Mid-Session Update 2012


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Senator Kevin Grantham - District 2

Good evening, everyone! 

We are now half of the way through the 2nd session of the 68th General Assembly.  As you could have expected, a lot has happened so far, and so, in the spirit of the great Spaghetti Westerns, I present to you “The Good, The Bad, and The Ugly” of the current session.

 

THE GOOD

SB 28 is a bill that I’m sponsoring that would alter the process for handling aggravated juvenile offenders when they reach the end of their time with the juvenile system, currently set at 20 years 6 months of age.  Under current law, a juvenile is given a hearing when he reaches the age limit.  This bill would also require a psychological evaluation to determine whether or not the offender is a danger to himself or others. This is awaiting action in the Appropriations Committee.

SB 132 also one that I am sponsoring, would require the state Department of Public Health and Environment to issue decisions on air and water quality permits within 12 months instead of the federally established maximum of 18 months.  Additionally, it would establish that if the department does not advise an applicant on the application within 60 days, the application will be deemed complete, and if the department does not take action within the allotted 12 month time frame, that will be deemed final agency action for purposes of judicial review. This bill is also awaiting action in the Appropriations Committee.

HB 1158 which I am one of the prime sponsors updated Colorado’s antiquated meat rendering laws by repealing the “Inedible Meat Rendering and Processing Act of 1967” and granting the authority to specify labeling and operating requirements for the production of commercial feed to the commissioner for agriculture.  In effect, it repealed unnecessary regulation and streamlined the process. It is awaiting the governor’s signature.

SM 003 will be heard in committee on Monday, March 12th.  Memorial 003 calls upon Congress to pass the “Respect for Rights of Conscience Act of 2011.”  The administration has been pressuring religious institutions in ways that are unprecedented.  In addition to the contraception mandate at the federal level, the Democrats in the Colorado Senate passed a bill, SB 12-093, that would require hospitals to post a list of services that they do not provide for religious or moral reasons.  This is yet another attempt to pressure religious organizations and represents yet another example of government overreach.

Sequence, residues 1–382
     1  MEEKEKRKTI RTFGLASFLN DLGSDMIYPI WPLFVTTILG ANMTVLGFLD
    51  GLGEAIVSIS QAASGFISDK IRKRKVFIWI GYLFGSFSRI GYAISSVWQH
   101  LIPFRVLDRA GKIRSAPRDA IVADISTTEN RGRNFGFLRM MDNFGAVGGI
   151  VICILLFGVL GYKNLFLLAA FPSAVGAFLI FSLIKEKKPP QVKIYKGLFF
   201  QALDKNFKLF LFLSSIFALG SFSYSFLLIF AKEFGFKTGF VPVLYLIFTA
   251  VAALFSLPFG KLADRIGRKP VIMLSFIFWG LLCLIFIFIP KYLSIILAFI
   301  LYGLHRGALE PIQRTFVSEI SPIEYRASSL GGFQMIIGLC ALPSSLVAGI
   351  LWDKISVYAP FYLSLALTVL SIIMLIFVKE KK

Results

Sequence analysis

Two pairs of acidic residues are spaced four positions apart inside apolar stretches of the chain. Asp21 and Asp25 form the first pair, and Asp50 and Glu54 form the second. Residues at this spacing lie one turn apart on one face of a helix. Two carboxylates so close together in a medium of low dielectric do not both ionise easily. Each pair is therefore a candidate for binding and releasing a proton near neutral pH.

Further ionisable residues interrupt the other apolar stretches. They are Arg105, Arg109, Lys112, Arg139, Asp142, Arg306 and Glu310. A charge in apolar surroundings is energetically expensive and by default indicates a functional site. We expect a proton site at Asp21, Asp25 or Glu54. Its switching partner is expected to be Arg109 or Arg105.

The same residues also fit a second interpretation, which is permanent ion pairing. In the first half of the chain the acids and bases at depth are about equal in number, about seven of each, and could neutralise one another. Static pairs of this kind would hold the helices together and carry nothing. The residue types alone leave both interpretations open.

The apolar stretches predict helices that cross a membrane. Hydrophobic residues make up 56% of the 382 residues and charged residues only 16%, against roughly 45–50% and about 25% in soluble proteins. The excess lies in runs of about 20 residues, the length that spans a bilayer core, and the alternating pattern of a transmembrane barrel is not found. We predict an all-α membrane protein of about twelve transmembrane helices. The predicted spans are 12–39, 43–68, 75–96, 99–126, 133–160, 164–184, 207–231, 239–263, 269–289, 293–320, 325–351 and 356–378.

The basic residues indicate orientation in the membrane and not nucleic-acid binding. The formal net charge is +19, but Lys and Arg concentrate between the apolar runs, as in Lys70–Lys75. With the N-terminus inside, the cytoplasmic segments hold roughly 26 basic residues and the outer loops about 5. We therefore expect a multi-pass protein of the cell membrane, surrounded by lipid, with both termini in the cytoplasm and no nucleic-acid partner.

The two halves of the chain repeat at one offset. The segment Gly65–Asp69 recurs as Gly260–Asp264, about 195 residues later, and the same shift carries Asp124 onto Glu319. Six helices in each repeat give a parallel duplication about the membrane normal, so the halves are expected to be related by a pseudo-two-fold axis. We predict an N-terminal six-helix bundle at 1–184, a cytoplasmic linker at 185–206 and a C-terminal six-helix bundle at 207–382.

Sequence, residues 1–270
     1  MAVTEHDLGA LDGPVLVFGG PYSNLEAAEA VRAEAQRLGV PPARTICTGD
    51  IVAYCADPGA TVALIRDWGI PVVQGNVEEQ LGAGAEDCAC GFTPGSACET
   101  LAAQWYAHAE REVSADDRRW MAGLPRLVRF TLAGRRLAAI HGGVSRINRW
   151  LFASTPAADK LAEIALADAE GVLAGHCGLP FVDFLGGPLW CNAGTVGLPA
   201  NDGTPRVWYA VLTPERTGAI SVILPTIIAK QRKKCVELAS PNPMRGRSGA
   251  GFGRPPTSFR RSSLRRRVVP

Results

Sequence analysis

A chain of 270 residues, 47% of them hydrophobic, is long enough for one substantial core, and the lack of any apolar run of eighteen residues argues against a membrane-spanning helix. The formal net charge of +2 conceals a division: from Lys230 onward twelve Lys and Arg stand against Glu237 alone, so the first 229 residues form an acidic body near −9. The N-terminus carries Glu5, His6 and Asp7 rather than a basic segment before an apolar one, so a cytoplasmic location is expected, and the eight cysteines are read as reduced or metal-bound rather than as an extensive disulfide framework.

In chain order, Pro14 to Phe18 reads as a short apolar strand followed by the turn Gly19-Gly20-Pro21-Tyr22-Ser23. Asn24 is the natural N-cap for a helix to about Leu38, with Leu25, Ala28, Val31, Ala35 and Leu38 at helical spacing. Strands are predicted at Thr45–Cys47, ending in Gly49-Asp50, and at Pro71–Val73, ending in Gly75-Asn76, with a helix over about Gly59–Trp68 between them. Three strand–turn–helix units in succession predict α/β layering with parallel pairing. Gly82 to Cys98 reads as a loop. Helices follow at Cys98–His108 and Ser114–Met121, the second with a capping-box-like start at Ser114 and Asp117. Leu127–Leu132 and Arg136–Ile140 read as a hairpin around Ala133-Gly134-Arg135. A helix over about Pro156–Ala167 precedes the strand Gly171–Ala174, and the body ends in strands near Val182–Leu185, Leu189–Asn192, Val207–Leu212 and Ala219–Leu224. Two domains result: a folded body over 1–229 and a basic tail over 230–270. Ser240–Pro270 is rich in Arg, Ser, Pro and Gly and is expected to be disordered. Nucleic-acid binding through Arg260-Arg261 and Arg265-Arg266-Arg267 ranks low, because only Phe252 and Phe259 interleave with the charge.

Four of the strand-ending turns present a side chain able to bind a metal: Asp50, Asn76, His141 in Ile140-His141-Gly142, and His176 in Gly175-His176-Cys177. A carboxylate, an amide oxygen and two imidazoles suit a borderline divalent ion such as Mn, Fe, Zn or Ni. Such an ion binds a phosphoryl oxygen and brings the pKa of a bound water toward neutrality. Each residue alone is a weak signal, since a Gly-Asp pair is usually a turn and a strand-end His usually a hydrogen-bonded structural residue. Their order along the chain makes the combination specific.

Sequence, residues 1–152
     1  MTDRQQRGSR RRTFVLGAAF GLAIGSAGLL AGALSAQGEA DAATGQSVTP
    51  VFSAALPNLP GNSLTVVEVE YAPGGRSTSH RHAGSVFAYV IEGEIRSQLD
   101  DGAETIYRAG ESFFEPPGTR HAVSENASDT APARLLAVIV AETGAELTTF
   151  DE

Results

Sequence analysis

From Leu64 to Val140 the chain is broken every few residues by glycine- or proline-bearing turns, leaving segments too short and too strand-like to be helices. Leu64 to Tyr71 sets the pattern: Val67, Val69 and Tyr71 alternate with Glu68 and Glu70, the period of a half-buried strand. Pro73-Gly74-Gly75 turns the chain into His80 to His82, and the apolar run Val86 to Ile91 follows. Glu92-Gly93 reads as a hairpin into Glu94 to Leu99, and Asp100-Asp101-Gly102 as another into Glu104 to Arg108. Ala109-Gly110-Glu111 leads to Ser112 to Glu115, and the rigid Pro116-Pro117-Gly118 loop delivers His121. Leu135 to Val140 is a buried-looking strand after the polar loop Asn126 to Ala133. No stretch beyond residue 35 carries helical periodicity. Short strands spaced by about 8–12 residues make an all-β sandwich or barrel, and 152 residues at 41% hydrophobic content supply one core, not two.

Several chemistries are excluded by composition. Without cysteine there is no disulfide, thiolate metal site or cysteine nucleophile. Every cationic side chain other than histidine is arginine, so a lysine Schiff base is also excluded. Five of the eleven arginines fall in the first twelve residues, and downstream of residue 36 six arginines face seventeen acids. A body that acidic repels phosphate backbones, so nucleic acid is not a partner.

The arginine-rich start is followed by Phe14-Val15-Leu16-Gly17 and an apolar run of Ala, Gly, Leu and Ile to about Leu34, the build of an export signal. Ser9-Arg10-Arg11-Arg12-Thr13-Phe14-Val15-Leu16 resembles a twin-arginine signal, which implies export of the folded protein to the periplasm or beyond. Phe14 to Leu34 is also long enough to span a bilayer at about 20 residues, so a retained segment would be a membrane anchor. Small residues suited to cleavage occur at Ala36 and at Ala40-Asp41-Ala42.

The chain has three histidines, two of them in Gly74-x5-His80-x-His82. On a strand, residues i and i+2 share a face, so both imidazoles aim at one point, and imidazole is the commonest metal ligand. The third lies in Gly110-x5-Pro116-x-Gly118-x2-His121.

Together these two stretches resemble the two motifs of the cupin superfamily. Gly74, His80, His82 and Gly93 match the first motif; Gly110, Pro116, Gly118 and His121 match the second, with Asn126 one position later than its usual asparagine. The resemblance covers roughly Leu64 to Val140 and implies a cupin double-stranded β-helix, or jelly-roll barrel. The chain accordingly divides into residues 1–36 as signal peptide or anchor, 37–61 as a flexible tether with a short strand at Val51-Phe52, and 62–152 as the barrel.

THE BAD

SB 143 would set up a state government database of local businesses.  It represents an overreach on the part of government, as many people use the internet either on their home computers or on smart phones to find local business information.  Virtually no one would go to a state database in order to find information about local businesses.  Why is government interfering in something that private industry is fully capable of doing and in fact is already doing? As the Democrats have proven time and again this session, they devise solutions in search of problems.

SB 93 would require hospitals to post a list of services that they do not provide based on religious or moral grounds.  In this case, the left is busy infringing on religious liberties. Government has no business requiring this of private, religious institutions.

 

AND THE UGLY

HB 1088 would have helped “make my day better” by expanding the lawful use of force in defending property to include businesses.  Recently, a business owner in Denver was confronted as he was leaving his business.  The thieves wanted his property.  He is not being charged as it was lawful use of force in defense of his person.  But why should he also not have the right to protect his business property from thieves as well?  The Democrats killed this bill for the seventh year in a row.

HB 1064 would have prevented local governments from confiscating citizens’ firearms during an emergency.  On a vote of 3-2, the Senate State, Veterans, and Military Affairs committee postponed the bill indefinitely, aka killed the bill.  We will try again next year, but this is just another example of how the Denver-Boulder Democrat Axis is more beholden to its interest groups than the best interest of all the citizens of Colorado.

This quick update on your legislature by no means covers all of the goings-on at the State Capitol, but it does cover some of the most significant issues.  Please contact me with your concerns and opinions; our Constitutional Republic needs citizen involvement to keep it strong and undo the damage done by decades of progressivism.



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